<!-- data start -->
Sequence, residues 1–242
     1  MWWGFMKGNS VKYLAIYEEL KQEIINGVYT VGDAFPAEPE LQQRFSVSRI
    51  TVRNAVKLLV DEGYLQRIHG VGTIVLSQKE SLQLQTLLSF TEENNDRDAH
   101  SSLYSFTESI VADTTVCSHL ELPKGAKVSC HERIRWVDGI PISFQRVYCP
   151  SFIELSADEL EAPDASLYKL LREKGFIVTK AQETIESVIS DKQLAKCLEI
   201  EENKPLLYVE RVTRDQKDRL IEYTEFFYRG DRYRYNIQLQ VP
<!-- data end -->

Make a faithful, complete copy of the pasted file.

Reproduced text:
Sequence, residues 1–242
     1  MWWGFMKGNS VKYLAIYEEL KQEIINGVYT VGDAFPAEPE LQQRFSVSRI
    51  TVRNAVKLLV DEGYLQRIHG VGTIVLSQKE SLQLQTLLSF TEENNDRDAH
   101  SSLYSFTESI VADTTVCSHL ELPKGAKVSC HERIRWVDGI PISFQRVYCP
   151  SFIELSADEL EAPDASLYKL LREKGFIVTK AQETIESVIS DKQLAKCLEI
   201  EENKPLLYVE RVTRDQKDRL IEYTEFFYRG DRYRYNIQLQ VP